The Fascinating History Of Durban Poison And The Origins Of Cannabis

What’s the difference between Panama Red and White Widow? What makes Afghani distinct from Northern Lights? How about Durban Poison and Trainwreck?

If you’re a breeder or just enjoy nerding out on cannabis genetics, you most likely already know the answer. Certain cultivars—like Panama Red, Afghani, and Durban Poison—are landraces.

Landrace cultivars are types of cannabis whose genetics have not been altered for millennia. They are indigenous to certain regions of the world, most notably to parts of Central Asia, South Asia, Africa, the West Indies, and South America. Landrace cultivars possess consistent and distinct attributes, leading to a diverse range of experiences for cannabis connoisseurs.

The History of Landrace Cannabis

According to author Ernest L. Abel, the history of humankind’s cannabis use dates back twelve thousand years. It is believed that cannabis’ origins trace to the steppes of Central Asia, specifically to present-day Mongolia and southern Siberia. In time, via trade and migration, cannabis spread to many other parts of the world. As a result of this early travel, the cannabis that cultivators grew adapted to new geographic conditions, leading to the landraces we know today.

The Current State of Landrace Cannabis

Longtime members of the cannabis community might recall youthful days when landrace cultivars were the primary types of cannabis available in North America or while traversing the Hippie Trail.

Now, as a result of increasing governmental permissiveness towards cannabis, experimentation, hybridization, and the transference of these cultivars into wildly different environments from their origins, the entirety of the cannabis landscape has been transformed.

Many landrace cultivars are threatened with potential extinction. Unfortunately, few protections exist for these "heirloom" species, so tracking their progress, lineage, and history is a concern. Even for landrace cultivars growing in the wild in their indigenous regions, the introduction of pollen from newer genetics has the potential to ruin these pure lines. It is imperative for the cannabis community to preserve the existing landrace cultivars before it becomes too late.

Back to the Roots

Today, there are an abundance of options for those who seek to use cannabis for recreational, medical, or spiritual reasons. However, the appeal of going back to “the roots” of cannabis by enjoying a landrace cultivar is an enticing prospect for many of us. The ability to partake in not only a unique cannabis experience, but a tradition dating back to the earliest days of civilization, holds a special draw in our fast-paced, increasingly disconnected world.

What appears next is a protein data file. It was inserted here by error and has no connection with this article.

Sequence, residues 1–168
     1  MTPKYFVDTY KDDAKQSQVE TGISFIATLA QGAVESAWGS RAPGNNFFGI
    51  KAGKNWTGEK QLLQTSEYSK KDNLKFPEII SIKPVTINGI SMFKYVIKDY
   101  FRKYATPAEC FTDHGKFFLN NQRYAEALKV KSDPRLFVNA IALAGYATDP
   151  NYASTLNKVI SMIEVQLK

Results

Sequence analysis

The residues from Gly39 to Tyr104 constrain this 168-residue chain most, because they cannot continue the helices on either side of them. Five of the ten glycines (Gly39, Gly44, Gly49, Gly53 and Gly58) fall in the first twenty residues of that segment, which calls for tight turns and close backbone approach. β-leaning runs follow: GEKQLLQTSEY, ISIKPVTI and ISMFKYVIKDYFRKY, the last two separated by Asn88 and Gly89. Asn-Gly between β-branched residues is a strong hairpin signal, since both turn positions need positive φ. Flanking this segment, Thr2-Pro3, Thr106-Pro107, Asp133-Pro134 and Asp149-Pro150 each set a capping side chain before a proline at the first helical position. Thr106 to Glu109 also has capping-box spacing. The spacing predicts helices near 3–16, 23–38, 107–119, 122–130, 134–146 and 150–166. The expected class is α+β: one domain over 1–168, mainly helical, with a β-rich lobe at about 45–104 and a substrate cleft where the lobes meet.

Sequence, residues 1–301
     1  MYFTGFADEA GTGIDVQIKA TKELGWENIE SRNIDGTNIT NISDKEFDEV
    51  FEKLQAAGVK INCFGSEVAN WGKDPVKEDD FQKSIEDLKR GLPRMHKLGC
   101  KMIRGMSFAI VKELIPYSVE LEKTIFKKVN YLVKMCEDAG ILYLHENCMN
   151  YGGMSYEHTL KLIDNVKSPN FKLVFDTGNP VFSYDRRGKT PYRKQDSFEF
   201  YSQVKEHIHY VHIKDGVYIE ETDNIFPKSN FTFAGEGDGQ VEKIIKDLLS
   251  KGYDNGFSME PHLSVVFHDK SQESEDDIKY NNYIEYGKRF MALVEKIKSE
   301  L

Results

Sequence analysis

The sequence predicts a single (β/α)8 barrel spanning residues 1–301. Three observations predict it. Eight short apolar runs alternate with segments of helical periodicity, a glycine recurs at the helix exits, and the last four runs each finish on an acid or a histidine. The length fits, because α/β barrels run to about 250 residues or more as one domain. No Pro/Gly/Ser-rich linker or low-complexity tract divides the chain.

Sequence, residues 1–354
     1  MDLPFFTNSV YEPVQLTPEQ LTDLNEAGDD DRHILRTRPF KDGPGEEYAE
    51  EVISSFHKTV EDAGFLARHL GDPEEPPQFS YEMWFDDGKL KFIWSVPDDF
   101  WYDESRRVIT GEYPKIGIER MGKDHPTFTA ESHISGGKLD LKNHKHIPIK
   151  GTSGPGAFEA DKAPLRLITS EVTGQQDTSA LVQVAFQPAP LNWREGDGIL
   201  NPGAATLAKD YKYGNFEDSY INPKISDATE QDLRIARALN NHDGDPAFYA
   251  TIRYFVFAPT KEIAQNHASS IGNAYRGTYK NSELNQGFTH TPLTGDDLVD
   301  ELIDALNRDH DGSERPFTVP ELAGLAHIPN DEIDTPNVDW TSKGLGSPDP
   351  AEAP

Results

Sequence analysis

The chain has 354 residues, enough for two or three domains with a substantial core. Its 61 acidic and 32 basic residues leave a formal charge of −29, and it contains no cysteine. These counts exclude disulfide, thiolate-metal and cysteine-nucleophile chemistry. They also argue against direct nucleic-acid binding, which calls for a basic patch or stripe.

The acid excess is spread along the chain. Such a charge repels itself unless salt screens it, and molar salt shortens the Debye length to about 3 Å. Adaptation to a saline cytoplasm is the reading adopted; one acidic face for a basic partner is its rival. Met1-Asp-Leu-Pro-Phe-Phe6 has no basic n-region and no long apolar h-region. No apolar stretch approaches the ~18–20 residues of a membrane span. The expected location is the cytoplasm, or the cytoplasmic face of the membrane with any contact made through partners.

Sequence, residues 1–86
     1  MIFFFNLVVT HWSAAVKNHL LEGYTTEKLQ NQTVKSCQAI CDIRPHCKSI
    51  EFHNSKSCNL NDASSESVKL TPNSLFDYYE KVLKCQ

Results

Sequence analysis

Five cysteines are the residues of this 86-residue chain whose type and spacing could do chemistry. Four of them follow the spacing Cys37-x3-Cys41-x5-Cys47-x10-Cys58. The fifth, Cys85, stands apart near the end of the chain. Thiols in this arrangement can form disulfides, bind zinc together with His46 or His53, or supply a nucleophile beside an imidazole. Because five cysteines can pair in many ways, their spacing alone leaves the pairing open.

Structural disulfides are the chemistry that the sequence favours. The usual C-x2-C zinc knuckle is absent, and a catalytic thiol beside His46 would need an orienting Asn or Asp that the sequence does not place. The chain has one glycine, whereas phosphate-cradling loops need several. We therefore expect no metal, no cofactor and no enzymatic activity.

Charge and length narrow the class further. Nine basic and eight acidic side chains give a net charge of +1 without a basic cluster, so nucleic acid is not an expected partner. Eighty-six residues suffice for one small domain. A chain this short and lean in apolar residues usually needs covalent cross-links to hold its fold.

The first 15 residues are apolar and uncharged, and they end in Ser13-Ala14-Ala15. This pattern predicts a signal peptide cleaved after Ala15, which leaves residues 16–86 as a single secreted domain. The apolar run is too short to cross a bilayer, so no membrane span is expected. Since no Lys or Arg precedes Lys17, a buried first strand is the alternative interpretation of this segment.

One of the cultivars especially sought after by those seeking a “throwback” cannabis experience is Durban Poison.

The History of Durban Poison

In the late 1970s, High Times columnist and cannabis activist Ed Rosenthal traveled to South Africa on a quest to discover new cannabis genetics. While visiting the coastal city of Durban, Rosenthal learned of a cultivar with a flowering time of only about sixty days, which at the time was remarkably fast.

After acquiring the seeds, Rosenthal shared his information about this new cultivar, which would come to be called Durban Poison, with botanist Mel Frank. Frank then shared his cultivars with Sam the Skunkman, an Amsterdam-based cannabis grower and enthusiast. Afterwards, Durban Poison, despite its South African roots, would come to be associated with the Dutch cannabis scene.

Durban Poison: A Unique and Pleasurable Cultivar

Durban Poison is a pure sativa with a sweet, piney smell. Its heavy presence of D-Limonene terpenes leads to a citrusy aftertaste. Durban Poison’s buds are known to be chunky and round, with a thick layering of trichomes and larger than average resin glands upon harvest. It has a fairly high level of THC, with an average of about 15% and a maximum of around 24%. In contrast, its CBD level is quite low, rarely surpassing 0.02%.

Durban Poison is often called the “coffee,” or even “espresso” of cannabis. It’s a cultivar ideally suited for when you’d like to feel high, yet also work or engage in other productive activities. The medical symptoms that tend to respond best to Durban Poison are nausea, pain, migraines, stress, and depression. Additionally, anyone needing a boost in energy, creativity, sociability, or work-related efficiency might want to consider giving Durban Poison a try.

This article by Charles McElroy was originally published on Goldleaf, and appears here with permission.

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